Soldier’s story about getting denied service at 7-Eleven ignites social media FIRESTORM

colin-brown2An Army reservist’s trip to a local convenience store late Wednesday of last week led to an avalanche of social media wrath when he was denied the right to purchase a pack of smokes.

When a Redmond, Wash., 7-Eleven clerk asked for proof of age when Colin Brown tried to purchase cigarettes, the reservist proudly handed over his military ID, according to local station KIRO Channel 7 TV.

colin-IDThe identification clearly states that it’s “United States Government” issued, along with an expiration date and Brown’s branch of service. The reverse side indicates his date of birth, March 17, 1989, making him 26 years of age.

“She said, ‘You’re in the military?’ I said, ‘Yes,’” Brown told the station. “She said, ‘I can’t serve you.’ ”

Brown was totally taken aback.

“Honestly, I was in shock. I asked, ‘Are you serious?’ She looked at me like she was offended,” he said.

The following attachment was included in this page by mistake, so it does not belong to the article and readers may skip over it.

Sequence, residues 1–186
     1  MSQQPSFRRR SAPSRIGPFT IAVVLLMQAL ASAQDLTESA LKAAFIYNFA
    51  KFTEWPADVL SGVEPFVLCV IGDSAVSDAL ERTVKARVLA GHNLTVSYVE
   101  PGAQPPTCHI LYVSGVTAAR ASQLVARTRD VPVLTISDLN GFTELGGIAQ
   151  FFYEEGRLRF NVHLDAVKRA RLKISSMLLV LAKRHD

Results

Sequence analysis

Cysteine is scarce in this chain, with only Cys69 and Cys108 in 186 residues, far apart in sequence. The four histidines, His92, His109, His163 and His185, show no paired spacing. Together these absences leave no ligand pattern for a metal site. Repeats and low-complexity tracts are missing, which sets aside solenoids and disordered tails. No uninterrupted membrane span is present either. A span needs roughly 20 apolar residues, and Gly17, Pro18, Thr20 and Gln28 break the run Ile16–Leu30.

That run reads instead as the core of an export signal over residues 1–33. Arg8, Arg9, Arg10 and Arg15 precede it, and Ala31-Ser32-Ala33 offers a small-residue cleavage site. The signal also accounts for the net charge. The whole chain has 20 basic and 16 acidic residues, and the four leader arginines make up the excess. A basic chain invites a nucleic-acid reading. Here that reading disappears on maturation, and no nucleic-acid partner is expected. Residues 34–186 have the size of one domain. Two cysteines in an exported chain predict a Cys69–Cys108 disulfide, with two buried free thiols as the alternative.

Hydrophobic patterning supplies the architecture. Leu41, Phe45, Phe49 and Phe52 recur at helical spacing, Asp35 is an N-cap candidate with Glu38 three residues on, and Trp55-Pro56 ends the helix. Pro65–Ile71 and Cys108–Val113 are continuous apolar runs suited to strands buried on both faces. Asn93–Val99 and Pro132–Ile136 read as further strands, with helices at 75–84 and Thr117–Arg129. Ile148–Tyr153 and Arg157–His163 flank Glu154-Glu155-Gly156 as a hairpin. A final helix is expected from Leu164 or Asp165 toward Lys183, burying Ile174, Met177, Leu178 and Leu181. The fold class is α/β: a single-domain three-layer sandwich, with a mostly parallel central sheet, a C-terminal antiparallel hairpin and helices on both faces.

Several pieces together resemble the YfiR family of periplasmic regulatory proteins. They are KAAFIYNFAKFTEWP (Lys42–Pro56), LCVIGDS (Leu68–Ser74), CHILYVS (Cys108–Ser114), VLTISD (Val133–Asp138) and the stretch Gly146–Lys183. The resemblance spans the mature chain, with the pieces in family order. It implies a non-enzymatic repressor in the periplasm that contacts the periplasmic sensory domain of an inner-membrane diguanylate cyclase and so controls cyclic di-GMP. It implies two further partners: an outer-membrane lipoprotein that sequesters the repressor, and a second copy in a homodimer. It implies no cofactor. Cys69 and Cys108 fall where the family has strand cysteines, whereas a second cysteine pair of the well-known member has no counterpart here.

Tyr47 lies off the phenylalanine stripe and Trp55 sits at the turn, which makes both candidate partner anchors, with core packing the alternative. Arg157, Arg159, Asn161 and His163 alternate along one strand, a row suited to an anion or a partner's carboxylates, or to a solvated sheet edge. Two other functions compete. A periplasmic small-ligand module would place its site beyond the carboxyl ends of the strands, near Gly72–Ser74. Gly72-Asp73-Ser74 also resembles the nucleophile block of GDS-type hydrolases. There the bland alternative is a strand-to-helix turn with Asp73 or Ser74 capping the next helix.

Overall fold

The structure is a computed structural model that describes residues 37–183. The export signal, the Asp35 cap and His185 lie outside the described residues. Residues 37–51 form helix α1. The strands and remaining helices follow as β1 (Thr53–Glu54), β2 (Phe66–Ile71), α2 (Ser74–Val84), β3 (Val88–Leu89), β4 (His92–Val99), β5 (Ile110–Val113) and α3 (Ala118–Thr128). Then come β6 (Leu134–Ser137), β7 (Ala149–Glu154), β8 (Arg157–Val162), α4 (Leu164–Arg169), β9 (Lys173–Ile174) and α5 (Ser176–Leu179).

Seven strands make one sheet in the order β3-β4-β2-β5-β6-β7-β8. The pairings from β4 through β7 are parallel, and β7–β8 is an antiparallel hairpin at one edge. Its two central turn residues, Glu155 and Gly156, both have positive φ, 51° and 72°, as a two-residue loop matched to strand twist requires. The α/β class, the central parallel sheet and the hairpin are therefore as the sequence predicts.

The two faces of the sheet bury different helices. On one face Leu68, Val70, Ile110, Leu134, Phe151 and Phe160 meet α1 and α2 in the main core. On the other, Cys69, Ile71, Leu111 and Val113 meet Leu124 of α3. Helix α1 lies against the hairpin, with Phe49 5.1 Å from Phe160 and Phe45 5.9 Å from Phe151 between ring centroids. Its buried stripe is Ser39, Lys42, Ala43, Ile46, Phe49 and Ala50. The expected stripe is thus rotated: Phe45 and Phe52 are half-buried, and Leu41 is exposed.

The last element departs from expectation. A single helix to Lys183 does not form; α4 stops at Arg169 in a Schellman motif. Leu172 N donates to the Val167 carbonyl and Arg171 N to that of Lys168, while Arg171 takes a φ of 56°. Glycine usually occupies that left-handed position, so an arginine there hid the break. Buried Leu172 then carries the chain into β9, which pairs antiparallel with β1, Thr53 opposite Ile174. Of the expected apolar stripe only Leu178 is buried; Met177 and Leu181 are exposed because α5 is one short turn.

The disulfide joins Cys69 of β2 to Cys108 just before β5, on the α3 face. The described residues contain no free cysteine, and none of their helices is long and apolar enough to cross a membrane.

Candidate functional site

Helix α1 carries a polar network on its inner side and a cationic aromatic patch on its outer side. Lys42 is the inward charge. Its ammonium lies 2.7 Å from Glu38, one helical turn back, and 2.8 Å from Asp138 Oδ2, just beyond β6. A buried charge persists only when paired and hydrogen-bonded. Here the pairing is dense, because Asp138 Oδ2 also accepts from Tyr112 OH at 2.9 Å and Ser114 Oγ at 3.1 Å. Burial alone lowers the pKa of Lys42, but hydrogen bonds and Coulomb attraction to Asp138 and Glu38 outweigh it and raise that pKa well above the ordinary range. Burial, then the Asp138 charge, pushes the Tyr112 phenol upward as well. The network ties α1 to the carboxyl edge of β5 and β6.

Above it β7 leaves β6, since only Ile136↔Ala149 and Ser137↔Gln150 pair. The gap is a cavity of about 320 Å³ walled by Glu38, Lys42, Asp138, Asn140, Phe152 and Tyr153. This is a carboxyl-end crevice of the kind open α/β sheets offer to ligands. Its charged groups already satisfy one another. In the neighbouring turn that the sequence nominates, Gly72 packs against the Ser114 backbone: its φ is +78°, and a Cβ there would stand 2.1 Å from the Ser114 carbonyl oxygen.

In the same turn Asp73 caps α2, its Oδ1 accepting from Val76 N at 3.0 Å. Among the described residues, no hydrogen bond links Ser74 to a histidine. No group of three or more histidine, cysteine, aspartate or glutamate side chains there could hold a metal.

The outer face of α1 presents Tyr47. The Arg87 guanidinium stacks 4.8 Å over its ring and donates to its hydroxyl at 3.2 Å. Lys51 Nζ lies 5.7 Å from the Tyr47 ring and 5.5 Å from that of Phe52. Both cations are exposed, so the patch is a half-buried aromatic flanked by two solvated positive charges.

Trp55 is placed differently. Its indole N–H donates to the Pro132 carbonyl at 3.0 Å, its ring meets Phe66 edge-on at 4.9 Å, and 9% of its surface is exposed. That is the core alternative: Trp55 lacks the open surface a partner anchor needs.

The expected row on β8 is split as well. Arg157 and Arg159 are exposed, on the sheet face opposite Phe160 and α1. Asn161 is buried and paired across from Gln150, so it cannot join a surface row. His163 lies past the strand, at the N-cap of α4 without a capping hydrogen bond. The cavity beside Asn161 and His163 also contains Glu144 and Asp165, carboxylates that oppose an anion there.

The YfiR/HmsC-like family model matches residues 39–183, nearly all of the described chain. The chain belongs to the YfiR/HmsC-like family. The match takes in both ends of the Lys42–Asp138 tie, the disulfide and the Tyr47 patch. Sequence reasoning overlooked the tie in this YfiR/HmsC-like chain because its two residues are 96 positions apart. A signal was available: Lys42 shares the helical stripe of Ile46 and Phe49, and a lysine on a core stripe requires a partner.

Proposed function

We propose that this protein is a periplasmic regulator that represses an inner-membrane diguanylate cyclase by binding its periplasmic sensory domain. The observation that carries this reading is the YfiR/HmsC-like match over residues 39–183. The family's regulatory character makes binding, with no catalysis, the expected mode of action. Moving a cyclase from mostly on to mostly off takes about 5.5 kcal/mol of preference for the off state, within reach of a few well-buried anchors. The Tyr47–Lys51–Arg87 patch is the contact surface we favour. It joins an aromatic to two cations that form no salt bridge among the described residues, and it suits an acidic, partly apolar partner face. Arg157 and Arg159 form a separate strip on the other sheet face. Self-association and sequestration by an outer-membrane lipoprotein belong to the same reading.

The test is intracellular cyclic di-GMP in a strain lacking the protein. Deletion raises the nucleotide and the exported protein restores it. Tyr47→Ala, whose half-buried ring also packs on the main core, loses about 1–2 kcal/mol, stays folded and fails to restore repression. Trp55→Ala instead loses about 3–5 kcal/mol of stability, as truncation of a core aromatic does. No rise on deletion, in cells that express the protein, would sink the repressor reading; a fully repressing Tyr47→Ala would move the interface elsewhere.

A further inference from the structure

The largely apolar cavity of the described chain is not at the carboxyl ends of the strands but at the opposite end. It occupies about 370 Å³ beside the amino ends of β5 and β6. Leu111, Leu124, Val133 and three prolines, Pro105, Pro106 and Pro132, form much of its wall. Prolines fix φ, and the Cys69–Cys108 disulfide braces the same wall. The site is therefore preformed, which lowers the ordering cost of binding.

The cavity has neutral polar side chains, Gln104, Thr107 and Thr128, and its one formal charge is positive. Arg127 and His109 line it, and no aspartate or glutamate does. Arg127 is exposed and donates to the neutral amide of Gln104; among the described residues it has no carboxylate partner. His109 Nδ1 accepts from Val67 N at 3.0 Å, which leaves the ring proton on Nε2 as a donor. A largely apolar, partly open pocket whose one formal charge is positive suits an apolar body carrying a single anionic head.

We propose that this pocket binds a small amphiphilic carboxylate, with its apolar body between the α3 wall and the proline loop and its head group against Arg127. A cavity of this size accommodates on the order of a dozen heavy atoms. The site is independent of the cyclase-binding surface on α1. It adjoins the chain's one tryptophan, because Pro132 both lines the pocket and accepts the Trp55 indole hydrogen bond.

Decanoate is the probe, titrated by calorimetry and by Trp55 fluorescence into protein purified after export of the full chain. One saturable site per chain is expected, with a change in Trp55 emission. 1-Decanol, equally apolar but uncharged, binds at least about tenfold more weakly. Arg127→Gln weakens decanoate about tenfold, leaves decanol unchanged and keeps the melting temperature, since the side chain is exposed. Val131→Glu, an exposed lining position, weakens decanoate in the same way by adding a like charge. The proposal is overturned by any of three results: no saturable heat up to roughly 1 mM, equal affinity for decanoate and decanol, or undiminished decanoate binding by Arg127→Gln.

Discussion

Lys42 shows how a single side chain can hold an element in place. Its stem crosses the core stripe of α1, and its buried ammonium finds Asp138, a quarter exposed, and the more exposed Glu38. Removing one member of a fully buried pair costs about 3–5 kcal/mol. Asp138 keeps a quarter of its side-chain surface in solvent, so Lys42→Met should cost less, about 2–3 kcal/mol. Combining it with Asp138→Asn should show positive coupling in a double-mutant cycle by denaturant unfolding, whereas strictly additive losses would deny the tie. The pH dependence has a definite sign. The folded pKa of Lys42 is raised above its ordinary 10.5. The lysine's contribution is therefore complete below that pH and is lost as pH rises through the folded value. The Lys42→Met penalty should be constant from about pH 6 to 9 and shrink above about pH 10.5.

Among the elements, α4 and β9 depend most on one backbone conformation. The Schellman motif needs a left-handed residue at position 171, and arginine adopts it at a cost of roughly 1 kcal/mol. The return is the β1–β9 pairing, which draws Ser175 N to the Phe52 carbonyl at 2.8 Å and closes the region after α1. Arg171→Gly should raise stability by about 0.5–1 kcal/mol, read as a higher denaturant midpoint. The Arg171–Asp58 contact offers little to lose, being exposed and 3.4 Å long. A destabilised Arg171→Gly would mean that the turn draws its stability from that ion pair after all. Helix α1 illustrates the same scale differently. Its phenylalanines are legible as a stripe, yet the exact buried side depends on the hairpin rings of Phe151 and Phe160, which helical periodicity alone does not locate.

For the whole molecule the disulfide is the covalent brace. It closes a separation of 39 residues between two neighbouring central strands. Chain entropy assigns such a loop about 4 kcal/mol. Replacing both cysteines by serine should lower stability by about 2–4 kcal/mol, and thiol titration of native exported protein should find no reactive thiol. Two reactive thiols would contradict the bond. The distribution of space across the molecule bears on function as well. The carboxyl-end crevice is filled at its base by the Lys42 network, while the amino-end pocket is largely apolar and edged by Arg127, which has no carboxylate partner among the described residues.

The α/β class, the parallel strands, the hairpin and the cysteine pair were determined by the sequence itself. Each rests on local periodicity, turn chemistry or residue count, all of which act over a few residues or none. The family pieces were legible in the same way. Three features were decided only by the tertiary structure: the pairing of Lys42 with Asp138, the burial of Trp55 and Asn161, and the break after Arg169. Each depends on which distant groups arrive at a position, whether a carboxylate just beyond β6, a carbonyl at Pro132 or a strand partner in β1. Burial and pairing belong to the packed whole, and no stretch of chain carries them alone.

‘Simply wow!’ Andrea Tantaros’ smoking HOT beach pic has conservatives fans overheating

colin-brown1Brown then asked what the problen was, while he began pulling out his driver’s license to back up his military ID

“I asked for her manager’s information and at that point I was able to make the purchase,” Brown told KIRO.

Brown’s friends and relatives quickly posted details of the alleged incident on Facebook, which reportedly received over 12,000 shares around the country.

“I think it’s understandable that people would be upset about it. I think anyone in this position would be upset,” Brown told KIRO, which reported:

KIRO 7 reached out to 7-Eleven’s corporate offices in Dallas and a representative responded, saying the report we heard was “distorted.” The franchise is owned locally. KIRO 7 left messages for the owner, who did not respond.

7-Eleven has always promoted military, giving away Slurpees and even store franchises to service members.

After Brown’s friends complained online to 7-Eleven, they did write this:

“A customer presented a military ID as a form of identification and the store associate could not clearly read the birth date. In this instance, the store associate, by law, asked to see a second form of ID.”

But Brown said that’s not at all the way it went down, and he wants 7-Eleven to investigate further.

“From moment one, the only thing I was hoping to do by coming forward with this is to get the issue addressed with the employee,” He said. “If you don’t know something is wrong, you can’t fix it.”

Watch the video via KIRO-TV.

Comments

Latest Articles